For the first time in its more than 30-year history, the Consultative Group on International Agricultural Research (CGIAR) – a network of public and private donors that supports sixteen agricultural research centres around the world – held its annual meeting outside the confines of the World Bank in Washington, DC. The CGIAR is the largest public sector agricultural research effort and is mandated to serve the developing world’s poor. The chosen site for this week’s (October 2002) annual meeting was the Shangri-La Hotel in The Philippines, home to the nearby International Rice Research Institute (IRRI), one of the research centres in the CG system. Also for the first time in its history, the CGIAR’s annual meeting took place within earshot of farmers’ protests and street demonstrations critical of the CG’s governance structure, research orientation and lack of accountability to Third World farmers. The CGIAR learned that even Shangri-La can be tainted by protests, police barricades and water cannons!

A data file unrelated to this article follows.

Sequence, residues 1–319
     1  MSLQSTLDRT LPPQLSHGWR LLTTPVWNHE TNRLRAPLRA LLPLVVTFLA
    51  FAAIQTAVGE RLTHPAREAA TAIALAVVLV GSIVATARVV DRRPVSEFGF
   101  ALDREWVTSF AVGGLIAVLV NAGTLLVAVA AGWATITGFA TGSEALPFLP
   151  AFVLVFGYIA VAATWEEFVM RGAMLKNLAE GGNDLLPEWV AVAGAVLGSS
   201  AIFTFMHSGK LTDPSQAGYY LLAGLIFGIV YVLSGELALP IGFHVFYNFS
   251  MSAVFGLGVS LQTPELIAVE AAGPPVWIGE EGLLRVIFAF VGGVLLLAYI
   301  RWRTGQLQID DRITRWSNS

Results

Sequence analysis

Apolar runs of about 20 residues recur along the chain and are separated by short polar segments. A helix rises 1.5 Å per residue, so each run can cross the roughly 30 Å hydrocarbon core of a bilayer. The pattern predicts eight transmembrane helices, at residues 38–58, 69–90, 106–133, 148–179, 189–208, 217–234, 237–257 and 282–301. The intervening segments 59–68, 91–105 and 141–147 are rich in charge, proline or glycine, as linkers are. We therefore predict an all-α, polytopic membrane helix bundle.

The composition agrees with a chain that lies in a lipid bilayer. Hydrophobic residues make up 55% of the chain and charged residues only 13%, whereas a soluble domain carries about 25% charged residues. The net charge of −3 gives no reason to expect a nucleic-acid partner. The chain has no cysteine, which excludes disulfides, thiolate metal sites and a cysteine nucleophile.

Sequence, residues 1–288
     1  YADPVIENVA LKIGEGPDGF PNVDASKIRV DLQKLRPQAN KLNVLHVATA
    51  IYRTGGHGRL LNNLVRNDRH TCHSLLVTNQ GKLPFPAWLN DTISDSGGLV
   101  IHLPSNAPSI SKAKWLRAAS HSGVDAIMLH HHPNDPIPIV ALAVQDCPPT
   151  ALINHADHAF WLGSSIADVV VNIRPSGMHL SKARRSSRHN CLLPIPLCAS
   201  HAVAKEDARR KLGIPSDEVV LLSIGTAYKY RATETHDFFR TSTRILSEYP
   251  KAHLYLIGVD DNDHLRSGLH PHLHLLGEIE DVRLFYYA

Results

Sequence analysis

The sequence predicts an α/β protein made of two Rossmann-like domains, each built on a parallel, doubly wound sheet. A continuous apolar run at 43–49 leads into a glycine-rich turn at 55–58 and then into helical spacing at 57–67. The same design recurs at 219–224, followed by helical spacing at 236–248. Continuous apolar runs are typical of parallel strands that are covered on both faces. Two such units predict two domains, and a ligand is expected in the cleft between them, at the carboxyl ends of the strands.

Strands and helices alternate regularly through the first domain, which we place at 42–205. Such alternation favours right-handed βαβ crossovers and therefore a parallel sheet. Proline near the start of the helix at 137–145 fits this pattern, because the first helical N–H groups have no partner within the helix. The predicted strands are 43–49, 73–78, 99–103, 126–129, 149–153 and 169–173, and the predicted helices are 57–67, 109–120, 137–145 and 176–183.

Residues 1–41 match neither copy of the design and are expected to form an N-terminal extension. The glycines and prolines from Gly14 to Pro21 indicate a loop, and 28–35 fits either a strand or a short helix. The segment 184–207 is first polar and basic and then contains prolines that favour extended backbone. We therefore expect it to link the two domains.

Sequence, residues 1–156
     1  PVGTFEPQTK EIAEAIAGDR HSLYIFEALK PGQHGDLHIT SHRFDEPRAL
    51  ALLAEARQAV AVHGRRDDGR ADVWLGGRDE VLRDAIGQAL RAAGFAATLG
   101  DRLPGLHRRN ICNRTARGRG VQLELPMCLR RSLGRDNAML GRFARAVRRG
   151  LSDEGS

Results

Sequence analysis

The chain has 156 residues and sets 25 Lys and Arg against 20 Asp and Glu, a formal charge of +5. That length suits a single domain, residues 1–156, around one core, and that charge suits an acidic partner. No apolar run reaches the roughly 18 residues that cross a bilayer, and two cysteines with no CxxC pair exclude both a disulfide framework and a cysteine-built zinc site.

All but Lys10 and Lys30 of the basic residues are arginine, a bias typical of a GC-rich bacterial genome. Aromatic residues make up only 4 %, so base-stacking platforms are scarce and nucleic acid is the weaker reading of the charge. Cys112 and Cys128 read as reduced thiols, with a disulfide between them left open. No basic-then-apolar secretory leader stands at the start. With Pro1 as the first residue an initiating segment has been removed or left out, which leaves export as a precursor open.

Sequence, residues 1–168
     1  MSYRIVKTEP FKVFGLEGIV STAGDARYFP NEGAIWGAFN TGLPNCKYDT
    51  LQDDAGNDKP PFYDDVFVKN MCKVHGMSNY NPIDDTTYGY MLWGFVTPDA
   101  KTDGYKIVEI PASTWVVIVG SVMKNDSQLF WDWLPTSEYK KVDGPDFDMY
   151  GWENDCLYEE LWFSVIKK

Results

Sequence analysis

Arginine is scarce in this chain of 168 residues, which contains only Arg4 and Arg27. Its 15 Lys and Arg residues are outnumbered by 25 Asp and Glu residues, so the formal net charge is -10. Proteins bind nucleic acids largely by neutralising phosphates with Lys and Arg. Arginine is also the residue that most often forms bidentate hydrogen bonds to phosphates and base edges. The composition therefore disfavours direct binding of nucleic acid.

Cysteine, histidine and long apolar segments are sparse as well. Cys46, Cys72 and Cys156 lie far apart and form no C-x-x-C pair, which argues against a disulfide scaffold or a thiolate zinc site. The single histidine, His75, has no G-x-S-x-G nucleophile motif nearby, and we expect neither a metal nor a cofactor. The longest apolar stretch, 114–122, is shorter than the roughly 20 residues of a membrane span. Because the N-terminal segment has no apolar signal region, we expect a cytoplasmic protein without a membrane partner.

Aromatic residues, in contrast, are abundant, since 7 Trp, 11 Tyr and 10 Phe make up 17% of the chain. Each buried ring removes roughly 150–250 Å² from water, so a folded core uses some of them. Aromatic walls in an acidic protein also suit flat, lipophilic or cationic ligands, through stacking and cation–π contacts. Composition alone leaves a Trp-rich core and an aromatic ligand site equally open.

The weeklong meeting was a time of strenuous soul-searching for members of the CGIAR’s Committee of Non-governmental Organizations (the NGO-C). The CG System established the NGO-C in order to get input from civil society. Over the past year, half of the NGO-C’s members have resigned. The NGO-C was evaluating its relationship to the CGIAR in the midst of farmer protests at IRRI on Tuesday, and further protests on Wednesday by several hundred people attending the Peoples’ Street Conference in front of the Shangri-La Hotel. The protests were organized by a coalition of Southeast Asian civil society and farmers’ organizations, especially MASIPAG and KMP (a peasant farmers’ movement that is a member of Via Campesina) and SEARICE.